John Worc. = Benjamin Thorpe, ed., Florentii Wigorniensis monachi chronicon ex chronicis, 2 vols., (London, 1848-9). (The work formerly attributed to Florence of Worcester is now generally attributed to John of Worcester.)
Keynes (1980) = Simon Keynes, The Diplomas of King Æthelred 'the Unready' (Cambridge, 1980).
Lappenberg (1834-1881) = J. M. Lappenberg, A History of England under the Anglo-Saxon Kings (translated by Benjamin Thorpe, new edition by E. C. Otté), 2 vols. (London, 1881, orig. pub. 1834).
Lib. Monast. Hyde = Edward Edwards, ed., Liber Monasterii de Hyda: a Chronicle and Chartulary of Hyde Abbey, Winchester, 455-1023 (Rolls Series 45, London, 1866).
Lib. Vit. Hyde = Walter de Gray Birch, Liber Vitae: Register and Martyrology of New Minister and Hyde Abbey Winchester (London, 1892).
MGH SS = Monumenta Germaniae Historica, Scriptores series.
Onom. Anglo-Sax. = William George Searle, Onomasticon Anglo-Saxonicum (Cambridge, 1897). Spellings of Anglo-Saxon names on this page have been standardized according to this source.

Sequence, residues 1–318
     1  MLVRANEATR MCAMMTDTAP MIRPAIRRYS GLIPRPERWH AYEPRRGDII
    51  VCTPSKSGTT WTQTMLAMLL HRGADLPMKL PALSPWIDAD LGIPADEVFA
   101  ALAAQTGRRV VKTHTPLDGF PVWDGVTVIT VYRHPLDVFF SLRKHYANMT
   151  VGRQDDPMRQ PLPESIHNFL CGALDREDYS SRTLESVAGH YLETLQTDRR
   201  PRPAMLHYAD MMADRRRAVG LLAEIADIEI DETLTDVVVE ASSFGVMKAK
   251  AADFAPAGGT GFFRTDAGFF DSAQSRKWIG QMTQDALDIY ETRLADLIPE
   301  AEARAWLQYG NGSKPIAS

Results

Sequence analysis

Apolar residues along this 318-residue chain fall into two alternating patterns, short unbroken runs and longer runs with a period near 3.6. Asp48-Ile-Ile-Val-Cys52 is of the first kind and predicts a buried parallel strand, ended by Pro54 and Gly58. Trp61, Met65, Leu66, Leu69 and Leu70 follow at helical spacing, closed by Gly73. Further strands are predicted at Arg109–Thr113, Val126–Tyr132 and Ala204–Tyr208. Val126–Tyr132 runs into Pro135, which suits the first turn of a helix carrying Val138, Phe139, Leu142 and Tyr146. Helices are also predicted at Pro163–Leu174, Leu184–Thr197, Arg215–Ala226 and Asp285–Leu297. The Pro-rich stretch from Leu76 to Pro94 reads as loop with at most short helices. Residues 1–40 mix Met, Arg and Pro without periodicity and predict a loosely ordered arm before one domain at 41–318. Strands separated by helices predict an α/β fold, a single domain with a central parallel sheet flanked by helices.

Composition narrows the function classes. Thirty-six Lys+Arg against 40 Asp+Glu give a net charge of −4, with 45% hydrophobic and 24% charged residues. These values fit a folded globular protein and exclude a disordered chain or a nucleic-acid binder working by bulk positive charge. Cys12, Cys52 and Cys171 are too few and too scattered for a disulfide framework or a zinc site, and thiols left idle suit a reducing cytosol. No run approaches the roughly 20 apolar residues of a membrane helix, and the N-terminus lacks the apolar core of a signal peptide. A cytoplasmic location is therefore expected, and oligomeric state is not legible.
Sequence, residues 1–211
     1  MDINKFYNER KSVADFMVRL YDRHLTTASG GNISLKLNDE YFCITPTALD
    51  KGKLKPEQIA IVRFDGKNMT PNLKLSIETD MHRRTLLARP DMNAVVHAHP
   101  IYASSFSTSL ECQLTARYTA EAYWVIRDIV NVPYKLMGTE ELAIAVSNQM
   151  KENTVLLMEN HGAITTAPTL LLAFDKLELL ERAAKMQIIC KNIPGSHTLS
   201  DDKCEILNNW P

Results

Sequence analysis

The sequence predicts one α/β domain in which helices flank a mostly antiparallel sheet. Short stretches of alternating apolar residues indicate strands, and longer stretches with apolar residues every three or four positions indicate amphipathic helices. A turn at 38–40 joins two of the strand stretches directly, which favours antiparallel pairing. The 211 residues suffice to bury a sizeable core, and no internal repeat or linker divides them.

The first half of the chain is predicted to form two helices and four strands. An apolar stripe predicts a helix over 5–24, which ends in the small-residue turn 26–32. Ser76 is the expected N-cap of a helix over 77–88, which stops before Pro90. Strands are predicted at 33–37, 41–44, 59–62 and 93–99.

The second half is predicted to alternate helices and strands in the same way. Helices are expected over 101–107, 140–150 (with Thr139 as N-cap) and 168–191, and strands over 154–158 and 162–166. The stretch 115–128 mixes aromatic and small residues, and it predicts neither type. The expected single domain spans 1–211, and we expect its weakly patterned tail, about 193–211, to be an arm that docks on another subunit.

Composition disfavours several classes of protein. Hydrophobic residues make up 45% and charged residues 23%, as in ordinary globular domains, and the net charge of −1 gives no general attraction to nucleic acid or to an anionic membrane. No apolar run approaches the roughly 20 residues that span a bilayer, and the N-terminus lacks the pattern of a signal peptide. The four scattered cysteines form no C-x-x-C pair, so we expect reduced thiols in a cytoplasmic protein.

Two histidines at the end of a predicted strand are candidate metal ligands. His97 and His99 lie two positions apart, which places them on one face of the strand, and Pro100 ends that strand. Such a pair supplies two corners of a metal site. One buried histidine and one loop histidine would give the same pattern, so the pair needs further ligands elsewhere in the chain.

PL = P. Migne, Patrologiae Cursus Completus, series Latina, 221 vols. (Paris, 1844-1859).
Sawyer (1968) = P. H. Sawyer, Anglo-Saxon Charters. An Annotated List and Bibliography (London, 1968).
Searle (1899) = William George Searle, Anglo-Saxon Bishops, Kings and Nobles (Cambridge, 1899).
Thorpe (1865) = Benjamin Thorpe, ed., Diplomatarium Anglicum Ævi Saxonici (London, 1865).
Williams (2003) = Ann Williams, Æthelred the Unready - The Ill-Counselled King (London & New York, 2003).
Wm. Malmes, Gesta Pont. = N. E. S. A. Hamilton, ed., Willelmi Malmesbiriensis Monachi de Gestiis Pontificum Anglorum libri quinque (Rolls Series 52, London, 1870).
Wm. Malmes., Gesta Regum = William Stubbs, ed., Willelmi Malmesbiriensis Monachi De gestis regum Anglorum. libri quinque; Historiæ Novellæ libri tres, 2 vols. (Rolls series 90, 1887-9). [I lack easy access to the more recent edition of William of Malmesbury's work edited by Mynors, Thomson, & Winterbottom.]
Compiled by Stewart Baldwin
First uploaded 20 June 2010.
Minor revision uploaded 4 July 2010 (added obituary of Ælfred from Dickins article, coutesy of James Hansen).